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Nammi-what Icelandic candies do you have to try?

For those who have a sweet tooth come join my club, because today we are talking about sweets and candy. When I am travelling to a new country, I like to check out what I can eat besides what I can see and photograph. And I am always checking the local sweets and snacks, not the local dishes. 

Icelandic candies are really interesting and one thing that you will notice in Icelandic shops is that there are a lot of candies with liquorice and more than that you will find liquorice in many combinations, not only in candies. 

Why this inexplicable love for liquorice in Iceland? Well, some people say that this ‘love’ came from the past days when there were candy import bans that lasted for some decades and Icelanders were determined to make their own candy. 

The liquorice plant is growing on the Icelandic rough soil and it was the only option they had for replacing sugar. 

Nowadays the things changed but liquorice is still the most liked flavour in Iceland and many candy producers are combining it with chocolate to make the best sweets in Iceland.

Now if you are not a fan of liquorice (just like me) don’t worry there are many delicious options of sweets or ‘nammi’ as Icelanders say without liquorice and I will recommend you some in this blog. 


Let’s start with the most popular chocolate in Iceland, the one from Omnom. The Omnom chocolate is award-winning chocolate made in Reykjavik.

Photo source: Omnom.is

They made chocolate bars, candy and ice cream made with cocoa and Icelandic milk with many different flavours and some combinations from where lakkrís (liquorice) is not missing. 

Photo source: Omnom.is


Nói-Síríus is another sweets manufacturer in Iceland that makes chocolate bars and candy with liquorice, mint, sea salt, caramel or coconut.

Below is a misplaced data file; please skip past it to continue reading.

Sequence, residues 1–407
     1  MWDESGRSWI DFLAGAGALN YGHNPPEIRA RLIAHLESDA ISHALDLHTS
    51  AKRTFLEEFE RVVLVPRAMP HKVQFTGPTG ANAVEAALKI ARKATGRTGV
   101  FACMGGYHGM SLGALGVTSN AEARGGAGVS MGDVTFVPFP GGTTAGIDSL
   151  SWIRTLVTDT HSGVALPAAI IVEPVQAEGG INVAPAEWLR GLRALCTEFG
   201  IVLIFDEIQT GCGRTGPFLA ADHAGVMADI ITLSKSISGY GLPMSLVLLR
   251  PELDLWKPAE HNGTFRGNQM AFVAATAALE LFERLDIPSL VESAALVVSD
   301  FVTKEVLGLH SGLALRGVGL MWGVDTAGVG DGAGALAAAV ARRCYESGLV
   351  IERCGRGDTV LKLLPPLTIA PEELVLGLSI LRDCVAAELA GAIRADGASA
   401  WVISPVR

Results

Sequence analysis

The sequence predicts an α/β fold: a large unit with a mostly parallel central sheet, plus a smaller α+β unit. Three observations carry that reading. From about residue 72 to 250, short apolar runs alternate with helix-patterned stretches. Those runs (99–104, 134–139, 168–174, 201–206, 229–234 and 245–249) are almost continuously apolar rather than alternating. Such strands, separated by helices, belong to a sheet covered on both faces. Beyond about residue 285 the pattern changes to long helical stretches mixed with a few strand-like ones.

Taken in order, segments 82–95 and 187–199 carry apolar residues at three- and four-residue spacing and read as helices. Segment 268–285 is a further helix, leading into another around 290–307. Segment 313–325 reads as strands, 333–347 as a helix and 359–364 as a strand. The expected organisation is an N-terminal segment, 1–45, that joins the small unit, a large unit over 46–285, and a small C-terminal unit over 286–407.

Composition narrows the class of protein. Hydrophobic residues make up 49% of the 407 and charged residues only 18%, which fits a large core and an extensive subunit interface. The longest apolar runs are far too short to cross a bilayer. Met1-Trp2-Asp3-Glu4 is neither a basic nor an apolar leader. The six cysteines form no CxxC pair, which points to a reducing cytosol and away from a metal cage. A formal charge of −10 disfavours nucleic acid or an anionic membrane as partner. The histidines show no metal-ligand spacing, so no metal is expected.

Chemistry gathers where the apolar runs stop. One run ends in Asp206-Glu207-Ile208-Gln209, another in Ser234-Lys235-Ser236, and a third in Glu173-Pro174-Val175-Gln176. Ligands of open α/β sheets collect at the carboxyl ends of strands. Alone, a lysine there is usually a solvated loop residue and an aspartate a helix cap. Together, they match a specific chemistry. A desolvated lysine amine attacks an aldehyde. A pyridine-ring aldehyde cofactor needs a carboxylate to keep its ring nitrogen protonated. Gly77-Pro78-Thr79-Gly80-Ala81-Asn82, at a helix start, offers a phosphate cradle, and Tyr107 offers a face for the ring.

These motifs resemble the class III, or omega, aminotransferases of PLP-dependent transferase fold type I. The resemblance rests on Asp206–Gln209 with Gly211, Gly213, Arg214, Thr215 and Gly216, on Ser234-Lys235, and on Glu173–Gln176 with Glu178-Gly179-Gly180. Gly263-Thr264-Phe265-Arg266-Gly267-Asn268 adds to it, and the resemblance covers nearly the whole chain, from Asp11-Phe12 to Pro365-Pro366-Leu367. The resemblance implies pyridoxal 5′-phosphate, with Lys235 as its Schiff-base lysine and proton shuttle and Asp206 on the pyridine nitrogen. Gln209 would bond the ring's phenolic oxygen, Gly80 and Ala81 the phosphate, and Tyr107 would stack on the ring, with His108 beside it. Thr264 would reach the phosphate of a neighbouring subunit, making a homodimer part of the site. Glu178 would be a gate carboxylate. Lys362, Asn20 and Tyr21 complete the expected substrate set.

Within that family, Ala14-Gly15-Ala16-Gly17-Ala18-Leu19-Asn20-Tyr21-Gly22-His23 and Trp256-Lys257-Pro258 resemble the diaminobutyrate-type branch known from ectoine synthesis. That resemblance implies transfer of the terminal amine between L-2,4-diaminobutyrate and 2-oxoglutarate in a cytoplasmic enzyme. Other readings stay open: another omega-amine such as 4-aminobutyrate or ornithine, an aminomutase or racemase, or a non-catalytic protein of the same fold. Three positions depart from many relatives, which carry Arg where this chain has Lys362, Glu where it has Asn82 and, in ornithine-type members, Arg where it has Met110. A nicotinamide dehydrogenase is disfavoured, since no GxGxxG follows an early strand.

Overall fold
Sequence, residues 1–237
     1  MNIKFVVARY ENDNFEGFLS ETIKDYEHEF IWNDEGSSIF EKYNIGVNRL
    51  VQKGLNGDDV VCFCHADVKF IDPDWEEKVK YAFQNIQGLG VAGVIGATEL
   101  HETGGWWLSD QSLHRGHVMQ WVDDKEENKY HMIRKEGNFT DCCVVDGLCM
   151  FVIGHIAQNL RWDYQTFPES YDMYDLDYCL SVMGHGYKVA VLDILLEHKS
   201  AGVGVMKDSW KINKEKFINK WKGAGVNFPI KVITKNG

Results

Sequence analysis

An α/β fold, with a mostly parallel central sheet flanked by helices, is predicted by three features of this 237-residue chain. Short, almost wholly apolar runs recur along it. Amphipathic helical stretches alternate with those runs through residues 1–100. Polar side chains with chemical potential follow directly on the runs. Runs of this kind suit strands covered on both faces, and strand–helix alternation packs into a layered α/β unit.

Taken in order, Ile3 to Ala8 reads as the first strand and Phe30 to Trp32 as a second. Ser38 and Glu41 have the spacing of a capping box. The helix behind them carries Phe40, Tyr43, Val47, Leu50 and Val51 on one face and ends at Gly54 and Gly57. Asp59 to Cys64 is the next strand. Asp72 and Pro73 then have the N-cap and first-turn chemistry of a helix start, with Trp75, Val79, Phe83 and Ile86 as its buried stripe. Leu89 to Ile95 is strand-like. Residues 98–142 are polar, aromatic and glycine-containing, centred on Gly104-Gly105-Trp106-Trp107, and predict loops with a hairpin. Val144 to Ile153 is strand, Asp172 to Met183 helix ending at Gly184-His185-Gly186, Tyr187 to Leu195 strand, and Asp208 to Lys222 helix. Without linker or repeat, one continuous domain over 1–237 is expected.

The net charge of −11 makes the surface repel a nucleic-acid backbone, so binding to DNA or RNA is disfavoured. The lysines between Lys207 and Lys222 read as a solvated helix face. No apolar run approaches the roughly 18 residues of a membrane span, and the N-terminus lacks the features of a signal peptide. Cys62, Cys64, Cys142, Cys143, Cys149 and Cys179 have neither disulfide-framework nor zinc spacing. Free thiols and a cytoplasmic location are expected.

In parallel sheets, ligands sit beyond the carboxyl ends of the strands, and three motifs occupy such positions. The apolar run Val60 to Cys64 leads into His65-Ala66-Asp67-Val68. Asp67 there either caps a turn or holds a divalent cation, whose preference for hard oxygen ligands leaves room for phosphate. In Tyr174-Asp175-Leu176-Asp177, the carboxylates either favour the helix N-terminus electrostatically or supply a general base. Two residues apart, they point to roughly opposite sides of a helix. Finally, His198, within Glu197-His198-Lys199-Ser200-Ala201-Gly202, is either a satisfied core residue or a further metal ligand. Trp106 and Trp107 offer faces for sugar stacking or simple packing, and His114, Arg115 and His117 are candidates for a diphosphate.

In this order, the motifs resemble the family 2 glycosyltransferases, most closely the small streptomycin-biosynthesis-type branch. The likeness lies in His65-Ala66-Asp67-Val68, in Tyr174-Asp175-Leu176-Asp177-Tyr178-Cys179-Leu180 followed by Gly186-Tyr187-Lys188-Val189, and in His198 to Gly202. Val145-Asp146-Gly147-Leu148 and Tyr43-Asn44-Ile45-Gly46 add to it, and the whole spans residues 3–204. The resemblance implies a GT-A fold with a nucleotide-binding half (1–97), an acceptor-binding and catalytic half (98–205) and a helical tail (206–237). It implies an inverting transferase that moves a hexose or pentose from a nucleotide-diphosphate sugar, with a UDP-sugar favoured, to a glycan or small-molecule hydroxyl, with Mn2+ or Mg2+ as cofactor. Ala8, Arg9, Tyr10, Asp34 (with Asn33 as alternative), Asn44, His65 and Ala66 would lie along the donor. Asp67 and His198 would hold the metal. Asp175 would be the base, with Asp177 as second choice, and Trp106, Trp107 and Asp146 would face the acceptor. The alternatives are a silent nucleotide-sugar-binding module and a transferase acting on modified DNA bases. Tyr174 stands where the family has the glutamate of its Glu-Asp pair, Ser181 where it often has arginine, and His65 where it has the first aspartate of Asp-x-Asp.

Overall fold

Photo source: sirius.is

They are selling chocolate bars, candy and festive boxes of chocolate. 


Góa-Linda is an Icelandic sweets manufacturer best known for the Hraun chocolate bars that are popular in Iceland since 1973. Not going to lie, Hraun chocolate bars are my favourite. Hraun means lava in Icelandic and the chocolate bars are a wafer-field of puffed rice and maize starch covered in milk chocolate. The Hraun chocolate bars came also in one bite-size. 

Photo source: goa.is

Góa-Linda is also making chocolate covered puffy-marshmallow bites with or without rice puff. Those are also my top favourite ones together with some coconut and chocolate covered mini biscuit bars called Æði bitar. 

Photo source: goa.is

The same manufacturer is selling Apollo Lakkrís which is basically candy liquorice in any form you want. 

Photo source: goa.is

They have also festive chocolate for the Christmas or Easter season that are popular across Iceland. 

Photo source: goa.is


You will see in the Icelandic store candy and chocolate from Freyja. They have of course many combinations with liquorice but also without it. 

Photo source: Shopicelandic.com

Those are some of the most popular sweets manufacturers in Iceland that I would recommend you to try. And if you don’t like liquorice you still have many delicious options to try. 


Also, you have to try Icelandic ice cream and you will find a lot of ice cream shops in Reykjavik. So while you are walking through the city, stop and try some good Icelandic ice cream. We can recommend you some places like Ísbúð Vesturbæjar, Paradís, Eldur & Ís, Kjörís og Pylsur, Valdís and as I already mentioned Omnom. 

If you want to know more about Icelandic ice cream stay tuned for a separate blog dedicated to it.


We would like to know if you tried any Icelandic sweets and candy? Do you like liquorice? What is your favourite Icelandic candy? Tell us in the comments.